Wednesday, March 13, 2019

Mystery Solved -- March 13, 2019

See this post. The well below was a neighboring well to #20342 explaining the jump in production of that well.

NDIC File No: 32533     API No: 33-053-07513-00-00     CTB No: 132533
Well Type: OG     Well Status: A     Status Date: 12/9/2018     Wellbore type: Horizontal
Location: SESW 33-154-95     Footages: 469 FSL 2502 FWL     Latitude: 48.111726     Longitude: -102.903840
Current Operator: PETRO-HUNT, L.L.C.
Current Well Name: USA 153-95-4B-9-4H
Elevation(s): 1968 KB   1939 GR   1942 GL     Total Depth: 20380     Field: CHARLSON
Spud Date(s):  7/27/2018
Casing String(s):  9.625" 1412'   7" 10040'  
Completion Data
   Pool: BAKKEN     Perfs: 10164-20251     Comp: 12/9/2018     Status: F     Date: 1/6/2019     Spacing: 2SEC
Cumulative Production Data
   Pool: BAKKEN     Cum Oil: 41752     Cum MCF Gas: 55948     Cum Water: 5277
Production Test Data
   IP Test Date: 1/6/2019     Pool: BAKKEN     IP Oil: 946     IP MCF: 1321     IP Water: 113
Monthly Production Data
PoolDateDaysBBLS OilRunsBBLS WaterMCF ProdMCF SoldVent/Flare

Mocking Bird Hill, Slim Whitman

The Bakken Never Ceases To Amaze -- March 13, 2019

Recent production for a well drilled back in 2011:
PoolDateDaysBBLS OilRunsBBLS WaterMCF ProdMCF SoldVent/Flare

See background regarding this incredible well. Drilled in 2011, coming up on one million bbls of oil.

  • Crude oil: 928,249 bbls
  • Natural gas: 1395004 MCF = 232,462 boe
  • BOE: 1.161 million boe
  • Look at the dreaded Bakken decline.
This well will continue to produce for 35 years.

Just saying.

Last Date, Floyd Cramer

Random Update Of A BR Well With An IP of Zero -- March 13, 2019

BR holds the Bakken record for the lowest IP for a well that was not dry. Pretty good for a well with an IP of zero, wouldn't you say? I remember all the talk about IPs when the Bakken boom first began. LOL.

The well:
  • 31757, 0, BR, Glacier 2-4 MBH, Clear Creek, t3/18; cum 197K 1/19;  
NDIC File No: 31757     API No: 33-053-07169-00-00     CTB No: 231396
Well Type: OG     Well Status: A     Status Date: 3/21/2018     Wellbore type: Horizontal
Location: SWSW 9-151-96     Footages: 340 FSL 610 FWL     Latitude: 47.906233     Longitude: -102.981303
Current Well Name: GLACIER 2-4 MBH
Elevation(s): 2381 KB   2348 GR   2355 GL     Total Depth: 20575     Field: CLEAR CREEK
Spud Date(s):  9/10/2017
Casing String(s):  9.625" 1852'   7" 10939'  
Completion Data
   Pool: BAKKEN     Perfs: 10939-20575     Comp: 3/21/2018     Status: F     Date: 3/21/2018     Spacing: 2SEC
Cumulative Production Data
   Pool: BAKKEN     Cum Oil: 196728     Cum MCF Gas: 317689     Cum Water: 67864
Production Test Data
   IP Test Date: 3/21/2018     Pool: BAKKEN     IP Oil: 0     IP MCF: 911     IP Water: 4976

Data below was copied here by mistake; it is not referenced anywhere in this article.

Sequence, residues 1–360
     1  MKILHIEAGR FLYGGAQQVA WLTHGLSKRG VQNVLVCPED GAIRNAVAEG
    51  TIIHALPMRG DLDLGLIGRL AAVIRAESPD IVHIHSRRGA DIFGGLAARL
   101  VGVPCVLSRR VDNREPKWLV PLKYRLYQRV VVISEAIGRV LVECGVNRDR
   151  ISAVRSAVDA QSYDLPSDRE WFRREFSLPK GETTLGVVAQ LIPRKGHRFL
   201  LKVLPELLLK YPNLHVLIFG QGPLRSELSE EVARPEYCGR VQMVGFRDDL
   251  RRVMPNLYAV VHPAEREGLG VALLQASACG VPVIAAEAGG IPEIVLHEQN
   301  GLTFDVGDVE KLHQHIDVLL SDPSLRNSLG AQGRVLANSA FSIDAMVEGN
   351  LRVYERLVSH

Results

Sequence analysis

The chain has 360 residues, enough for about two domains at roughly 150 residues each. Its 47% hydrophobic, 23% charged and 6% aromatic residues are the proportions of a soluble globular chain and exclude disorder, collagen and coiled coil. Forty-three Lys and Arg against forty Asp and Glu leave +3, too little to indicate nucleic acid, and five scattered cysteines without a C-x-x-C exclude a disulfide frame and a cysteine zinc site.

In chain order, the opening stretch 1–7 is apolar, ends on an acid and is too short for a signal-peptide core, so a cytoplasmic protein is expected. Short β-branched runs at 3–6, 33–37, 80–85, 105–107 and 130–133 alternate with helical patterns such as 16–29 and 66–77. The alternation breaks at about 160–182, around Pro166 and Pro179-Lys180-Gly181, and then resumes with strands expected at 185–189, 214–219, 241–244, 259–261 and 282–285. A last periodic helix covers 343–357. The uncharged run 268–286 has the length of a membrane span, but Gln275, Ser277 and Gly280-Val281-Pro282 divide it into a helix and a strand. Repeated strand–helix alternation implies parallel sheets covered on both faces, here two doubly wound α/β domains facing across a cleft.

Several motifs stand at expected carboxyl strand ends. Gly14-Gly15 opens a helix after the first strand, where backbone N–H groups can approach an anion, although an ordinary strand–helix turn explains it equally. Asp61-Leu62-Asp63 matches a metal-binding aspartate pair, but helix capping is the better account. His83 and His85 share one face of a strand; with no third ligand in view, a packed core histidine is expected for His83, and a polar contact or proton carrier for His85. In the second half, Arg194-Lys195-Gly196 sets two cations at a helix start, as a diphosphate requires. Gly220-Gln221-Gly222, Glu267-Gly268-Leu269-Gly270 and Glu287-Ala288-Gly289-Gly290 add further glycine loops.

Monthly Production Data
PoolDateDaysBBLS OilRunsBBLS WaterMCF ProdMCF SoldVent/Flare

Facebook Is Down; The Kennedys Are Gobsmacked -- Wednesday, March 13, 2019 -- T+70, Part 6

Facebook is down; Facebook won't say why.


Without question, President Trump did Boeing a favor by grounding the MAX 8. Had there been another MAX 8 crash, it probably would have meant the end of the MAX 8. Boeing itself couldn't ground its own jet which they say is absolutely safe, but they knew it had to be grounded. This was choreographed very well by both POTUS and Boeing.

The Bakken? Closed, Due To Global Warming

When I was growing up in Williston, back in the 50s and 60s, I never once remember any tweet about bad weather.  No one posted these stories on Facebook back int the 50s or 60s either.

Weather, Not Climate

Wednesday, March 13, 2019 -- T+70, Part 5 -- Elon Musk -- Just Fooling -- No Price Cuts -- LOL

I can't make this stuff up. "Elon Musk reverses on Tesla price cuts." That's the headline. Here's the link and the story: never mind, who cares?

By the way, supposedly, Tesla will unveil Model Y, tomorrow, Thursday. I can hardly wait. LOL.

On another note. If you haven't gone out and bought a Marie Callender pie, you still have time.

Tomorrow is "global pi day." March 14. 3/14.



So, 3:14 is the date.

159226 is the time, which in modular 60 is 16:32.26.

So, pie at 4:32.26 p.m. local time.

Disclaimer: I often make simple mistakes when translating 60-modular time. 

And, then, of course, a cocktail (or two) [or three] starting at 5:00 p.m. 

I have two treasured items that I will be passing on to our younger daughter who will pass it on to our middle granddaughter.

The first treasured item: a USAF academy engraved sword.

The second treasured item: my set of four Robert Oppenheimer martini glasses. Perhaps the best cocktail glasses I have ever seen. Period. Dot.  


It's pretty sad when we have to re-educate millennials about the efficacy of vaccinations. Been there, done that, no longer care. Fortunately, our grandchildren live in a state where common sense for the most part still prevails. [Exception: the 48% that vote for Beto.]

Notes To The Granddaughters

I retired in 2007 at the age of 57. I stayed right on schedule; that was planned decades ago.